The fleet went across the nation, building many hours – one aircraft spent over ten hours aloft. Two worked hard doing six turns. N8712L had a scrubbed flight. N8707P also had a disrupted flight.
Looking at scheduled departures, every aircraft ran into delays (in minutes). N8709Q had a rough go of it.
Looking at arrival times compared to schedules (in minutes) we have the following.
Again we see that N87209Q had a rough day, but managed to arrive early by its fourth flight. N8712L had that false start but improved steadily as the day progressed. The schedules may have been padded, as we can see some high early arrivals.
Finally, if we look at the average hours per leg we can see that the fleet had varying legs – N8706W did transcons while the others did more typical two hour or shorter legs.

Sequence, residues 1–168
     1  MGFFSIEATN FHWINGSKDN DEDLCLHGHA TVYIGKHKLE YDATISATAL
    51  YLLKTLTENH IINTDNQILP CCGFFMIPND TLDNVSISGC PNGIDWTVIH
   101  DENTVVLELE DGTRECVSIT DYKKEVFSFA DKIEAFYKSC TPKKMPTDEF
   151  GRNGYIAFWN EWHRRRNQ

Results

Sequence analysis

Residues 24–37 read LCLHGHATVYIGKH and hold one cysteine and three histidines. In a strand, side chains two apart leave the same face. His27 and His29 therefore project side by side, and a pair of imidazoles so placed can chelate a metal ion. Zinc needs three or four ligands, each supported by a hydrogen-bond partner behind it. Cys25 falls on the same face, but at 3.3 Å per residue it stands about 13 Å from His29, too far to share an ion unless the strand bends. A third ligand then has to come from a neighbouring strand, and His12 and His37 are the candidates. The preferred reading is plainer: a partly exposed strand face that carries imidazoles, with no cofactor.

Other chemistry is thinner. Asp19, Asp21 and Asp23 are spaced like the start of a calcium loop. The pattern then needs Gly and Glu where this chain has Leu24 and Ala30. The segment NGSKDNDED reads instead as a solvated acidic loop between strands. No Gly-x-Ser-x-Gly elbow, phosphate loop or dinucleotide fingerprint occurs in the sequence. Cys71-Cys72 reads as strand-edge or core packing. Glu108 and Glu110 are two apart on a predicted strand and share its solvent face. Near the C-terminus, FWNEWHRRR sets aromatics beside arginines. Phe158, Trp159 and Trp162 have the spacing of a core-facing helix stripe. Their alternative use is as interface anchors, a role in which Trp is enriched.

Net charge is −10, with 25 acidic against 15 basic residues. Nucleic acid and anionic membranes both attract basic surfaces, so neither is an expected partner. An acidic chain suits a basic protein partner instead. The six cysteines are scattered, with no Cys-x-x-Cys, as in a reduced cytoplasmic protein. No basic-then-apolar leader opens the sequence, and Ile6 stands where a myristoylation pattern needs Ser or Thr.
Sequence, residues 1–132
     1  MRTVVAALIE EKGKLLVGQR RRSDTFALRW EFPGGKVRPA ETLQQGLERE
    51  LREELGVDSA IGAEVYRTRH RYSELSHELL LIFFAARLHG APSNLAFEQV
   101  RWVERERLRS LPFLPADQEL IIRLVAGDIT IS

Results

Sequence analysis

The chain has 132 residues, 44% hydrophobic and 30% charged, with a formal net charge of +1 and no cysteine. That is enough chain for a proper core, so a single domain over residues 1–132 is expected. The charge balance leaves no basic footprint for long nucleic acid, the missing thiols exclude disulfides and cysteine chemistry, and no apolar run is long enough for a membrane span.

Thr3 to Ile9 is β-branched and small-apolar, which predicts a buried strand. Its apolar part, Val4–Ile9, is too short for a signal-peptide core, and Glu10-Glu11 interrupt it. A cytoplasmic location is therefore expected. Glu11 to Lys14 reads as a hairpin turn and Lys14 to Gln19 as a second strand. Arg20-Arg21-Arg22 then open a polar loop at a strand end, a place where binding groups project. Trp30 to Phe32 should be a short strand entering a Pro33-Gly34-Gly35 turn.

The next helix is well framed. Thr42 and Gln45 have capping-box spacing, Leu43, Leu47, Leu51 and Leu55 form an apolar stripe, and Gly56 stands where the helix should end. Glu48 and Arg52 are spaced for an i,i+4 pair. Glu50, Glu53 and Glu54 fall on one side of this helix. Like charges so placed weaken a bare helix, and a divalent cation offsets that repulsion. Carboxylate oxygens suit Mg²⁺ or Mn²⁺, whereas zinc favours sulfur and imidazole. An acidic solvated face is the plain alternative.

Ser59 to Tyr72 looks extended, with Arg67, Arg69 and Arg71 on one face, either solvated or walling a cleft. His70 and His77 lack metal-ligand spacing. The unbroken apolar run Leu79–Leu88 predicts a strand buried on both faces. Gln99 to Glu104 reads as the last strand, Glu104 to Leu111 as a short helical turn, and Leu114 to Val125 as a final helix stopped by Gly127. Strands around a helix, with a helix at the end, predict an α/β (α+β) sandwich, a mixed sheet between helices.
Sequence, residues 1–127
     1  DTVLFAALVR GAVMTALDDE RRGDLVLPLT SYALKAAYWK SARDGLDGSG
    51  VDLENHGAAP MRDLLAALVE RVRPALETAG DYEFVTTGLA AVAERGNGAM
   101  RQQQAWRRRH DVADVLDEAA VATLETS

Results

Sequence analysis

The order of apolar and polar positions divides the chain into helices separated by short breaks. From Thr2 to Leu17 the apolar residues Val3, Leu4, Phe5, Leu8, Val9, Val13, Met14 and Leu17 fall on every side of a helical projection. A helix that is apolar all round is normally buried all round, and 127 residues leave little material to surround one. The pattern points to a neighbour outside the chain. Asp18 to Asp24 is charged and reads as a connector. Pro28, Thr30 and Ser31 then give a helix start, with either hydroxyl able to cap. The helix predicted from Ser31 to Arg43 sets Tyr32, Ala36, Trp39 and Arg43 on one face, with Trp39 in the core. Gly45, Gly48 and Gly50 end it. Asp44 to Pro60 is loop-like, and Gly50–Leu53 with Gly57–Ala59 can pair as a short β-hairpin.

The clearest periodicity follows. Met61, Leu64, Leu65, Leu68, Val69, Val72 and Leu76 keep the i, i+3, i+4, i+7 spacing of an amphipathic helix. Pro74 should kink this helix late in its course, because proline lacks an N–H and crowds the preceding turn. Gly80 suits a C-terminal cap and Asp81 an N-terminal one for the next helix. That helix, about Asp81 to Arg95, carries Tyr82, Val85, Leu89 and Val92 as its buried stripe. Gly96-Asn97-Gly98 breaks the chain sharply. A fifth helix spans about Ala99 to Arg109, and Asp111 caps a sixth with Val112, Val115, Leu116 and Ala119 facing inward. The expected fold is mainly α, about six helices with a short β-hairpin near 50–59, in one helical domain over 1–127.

It’s only one day and we will watch the fleet to see if there are trends. With so many new aircraft going into service in one day, hiccups had to be expected. Southwest is exceptionally experienced with the 737 and will no doubt work out the kinks faster than any other airline.
Co-Founder AirInsight. My previous life includes stints at Shell South Africa, CIC Research, and PA Consulting. Got bitten by the aviation bug and ended up an Avgeek. Then the data bug got me, making me a curious Avgeek seeking data-driven logic. Also, I appreciate conversations with smart people from whom I learn so much. Summary: I am very fortunate to work with and converse with great people.